I've got the following line of code:

suffix = suffix.isEmpty() ? "1" : Integer.toString(Integer.parseInt(suffix)+1);

in a block where suffix has already been declared as an empty String (""). The block is looking for duplicate file names and adding a number on to any duplicates so they don't have the same name any more.

The line of code above compiles fine, but if I change it to this,

suffix = suffix.isEmpty() ? "1" : Integer.toString(Integer.parseInt(suffix)++);

I get Invalid argument to operation ++/--. Since Integer.parseInt() returns and int, why can't I use the ++ operator?

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    Basically, this is just because you cant write the code line: 1++; – Alderath Dec 16 '11 at 15:24
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    apart from why it doesn't work (see the answers), you wouldn't get the value you wanted anyway - since n++ is the post-increment, meaning that the value of n would be returned and then 1 added to it... – codeling Dec 16 '11 at 15:24
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    @nyarlathotep: Not quite. Even in an expression like n++, the increment doesn't happen after the value is returned. It's just that the value that results from the expression is the value that n had before being incremented. – Daniel Pryden Dec 16 '11 at 18:40
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    @Daniel Pryden: thanks for clearing that up, that's what I was thinking, I just couldn't formulate it as concisely as you did :D – codeling Dec 16 '11 at 22:15

The ++ operator should update the value of its argument, so the argument should have a fixed position in memory to be updated. For this reason, the argument should be a variable*. In this case, the argument is Integer.parseInt(suffix), has no fixed memory address to be updated at all.

Intuitively, Integer.parseInt(suffix)++ is roughly equivalent to Integer.parseInt(suffix) = Integer.parseInt(suffix) + 1. But Integer.parseInt(suffix) is just an integer value, not associated to a fixed position in memory, so the code above is almost the same thing of, let us say, 32 = 32 + 1. Since you cannot assign a new value to 32 (neither to Integer.parseInt(suffix)) then there is no sense in supporting the ++ operator.

The good news is that this does not cause any problems at all! Instead of Integer.parseInt(suffix)++, write Integer.parseInt(suffix)+1.

* Or, as it is most commonly called, an l-value, or an address value.

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    That is why C and C++ introduced concepts like lvalue and rvalue. Every expression is either lvalue or rvalue in C and C++. Is there any such concept in Java? – Nawaz Dec 17 '11 at 15:13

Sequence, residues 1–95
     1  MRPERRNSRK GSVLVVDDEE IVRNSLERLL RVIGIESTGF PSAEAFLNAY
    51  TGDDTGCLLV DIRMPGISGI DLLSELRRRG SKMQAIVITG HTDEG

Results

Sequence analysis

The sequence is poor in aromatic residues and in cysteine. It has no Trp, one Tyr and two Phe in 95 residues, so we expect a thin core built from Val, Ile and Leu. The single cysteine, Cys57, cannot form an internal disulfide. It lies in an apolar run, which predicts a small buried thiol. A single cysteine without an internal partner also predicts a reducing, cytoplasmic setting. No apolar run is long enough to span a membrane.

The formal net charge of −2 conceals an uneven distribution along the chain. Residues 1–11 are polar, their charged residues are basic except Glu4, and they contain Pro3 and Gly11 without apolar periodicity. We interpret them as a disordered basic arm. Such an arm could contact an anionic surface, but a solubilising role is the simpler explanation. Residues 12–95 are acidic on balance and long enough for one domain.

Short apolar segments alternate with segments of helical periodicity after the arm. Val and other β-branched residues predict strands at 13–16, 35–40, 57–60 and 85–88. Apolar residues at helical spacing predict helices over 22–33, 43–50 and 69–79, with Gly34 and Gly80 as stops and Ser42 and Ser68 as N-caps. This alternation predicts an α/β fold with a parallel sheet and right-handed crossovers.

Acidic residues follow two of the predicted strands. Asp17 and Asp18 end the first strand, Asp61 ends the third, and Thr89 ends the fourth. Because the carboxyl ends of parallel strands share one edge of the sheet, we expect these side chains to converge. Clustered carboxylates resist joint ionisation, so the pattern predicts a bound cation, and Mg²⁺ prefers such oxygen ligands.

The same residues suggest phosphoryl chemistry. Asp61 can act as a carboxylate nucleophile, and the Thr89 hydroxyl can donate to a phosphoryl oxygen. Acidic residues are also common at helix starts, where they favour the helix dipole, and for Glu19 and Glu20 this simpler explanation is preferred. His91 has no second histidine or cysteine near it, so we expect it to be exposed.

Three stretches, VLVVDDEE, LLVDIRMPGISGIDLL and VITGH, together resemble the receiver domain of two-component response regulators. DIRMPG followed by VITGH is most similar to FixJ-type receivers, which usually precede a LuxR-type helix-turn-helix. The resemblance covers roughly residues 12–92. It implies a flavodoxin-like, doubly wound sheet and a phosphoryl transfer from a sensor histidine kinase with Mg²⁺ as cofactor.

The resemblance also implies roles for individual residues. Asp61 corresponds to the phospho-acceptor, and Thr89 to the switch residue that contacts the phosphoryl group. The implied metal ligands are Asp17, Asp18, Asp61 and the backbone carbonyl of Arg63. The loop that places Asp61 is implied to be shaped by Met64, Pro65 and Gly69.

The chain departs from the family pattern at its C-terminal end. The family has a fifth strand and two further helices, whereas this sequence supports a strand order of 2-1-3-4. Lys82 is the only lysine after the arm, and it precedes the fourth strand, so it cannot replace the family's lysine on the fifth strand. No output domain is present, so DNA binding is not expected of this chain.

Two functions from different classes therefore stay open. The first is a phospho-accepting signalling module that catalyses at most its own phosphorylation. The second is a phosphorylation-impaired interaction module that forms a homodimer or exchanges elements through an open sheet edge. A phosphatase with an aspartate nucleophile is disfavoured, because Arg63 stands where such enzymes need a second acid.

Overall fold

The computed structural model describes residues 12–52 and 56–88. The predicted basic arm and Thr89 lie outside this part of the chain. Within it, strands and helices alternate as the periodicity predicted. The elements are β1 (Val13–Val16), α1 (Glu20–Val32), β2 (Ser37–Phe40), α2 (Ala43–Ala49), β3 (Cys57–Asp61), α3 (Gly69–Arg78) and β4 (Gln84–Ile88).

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    @Nawaz although it is better known by C++ programmers, the concept is language-independent. Java has l-values - for example, variables when they are set and attributions all are l-values. However, Java does not have a way to put a l-value in a variable, as you could do in C++. – brandizzi Dec 17 '11 at 17:14
  • Does the language specification of Java talk about lvalues? Also what do you mean by this "Java does not have a way to put a l-value in a variable, as you could do in C++"? – Nawaz Dec 17 '11 at 17:22
  • @Nawaz AFAIk no, the Java language spec does not. (There is a mention on the Java EE 5 spec about l-values in ELs, however.) Also, I mean that you cannot create reference variables in Java as you can in C++. (Actually one cannot "put l-values in variables" - except for pointers, in a sense - so I bet my choice of words was a bit poor in this aspect :) ) – brandizzi Dec 17 '11 at 21:20
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    @paislee not necessarily: a R-value may be stored e.g. in a register, it can be loaded from the object code to different positions of memory, although being the same value etc. More important, a r-value (which is not eligible to be l-value, obviously) has no fixed memory position in the model of the language. You cannot do, for example, int *i = &3; in C or int &i = 3; in C++. The storage of a r-value is an implementation detail that is explicitly hidden by the language - so, even it has such a position (which is not necessary and even unlikely), it does not exist to the developer. – brandizzi Dec 20 '11 at 20:09

++ requires an lvalue (an assignable value).

Integer.parseInt(suffix) is not an lvalue.

Note that i++ is not the same as i+1.


Writing i++ is a shortcut for i=i+1; if you were to 'read it in english' you'd read it as "i becomes current value of i plus one"

which is why 3++ doesn't make sense you can't really say 3 = 3+1 (read as 3 becomes current value of 3 plus one) :-)


The int is an rvalue. Since it isn't bound to a variable you cannot use post-incrementation.

  • The 'int' isn't an lvalue. It's an rvalue. All lvalues are 'bound to variables'. Answer makes no sense. – user207421 Dec 18 '11 at 0:22
  • @EJP fixed. It's odd, I made the same stupid brain fart (rvalue/lvalue) multiple times yesterday, I think I might be getting ill or something. Thanks for correcting me! – Filip Roséen - refp Dec 18 '11 at 0:29

++ expects an assignable value, i.e. a variable. Integer.parseInt returns a value that cannot be assigned. If you need a value plus one, use Integer.parseInt(suffix)+1 instead.

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